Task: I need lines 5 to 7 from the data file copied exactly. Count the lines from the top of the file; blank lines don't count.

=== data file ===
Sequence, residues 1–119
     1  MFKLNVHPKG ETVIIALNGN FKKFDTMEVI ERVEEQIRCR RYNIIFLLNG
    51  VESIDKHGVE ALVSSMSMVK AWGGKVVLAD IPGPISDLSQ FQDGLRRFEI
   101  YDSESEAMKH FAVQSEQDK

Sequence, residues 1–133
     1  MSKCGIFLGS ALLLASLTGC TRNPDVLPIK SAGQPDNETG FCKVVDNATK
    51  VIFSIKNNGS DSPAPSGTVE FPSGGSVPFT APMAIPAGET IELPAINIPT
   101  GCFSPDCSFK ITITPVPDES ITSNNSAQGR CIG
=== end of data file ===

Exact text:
Sequence, residues 1–133
     1  MSKCGIFLGS ALLLASLTGC TRNPDVLPIK SAGQPDNETG FCKVVDNATK
    51  VIFSIKNNGS DSPAPSGTVE FPSGGSVPFT APMAIPAGET IELPAINIPT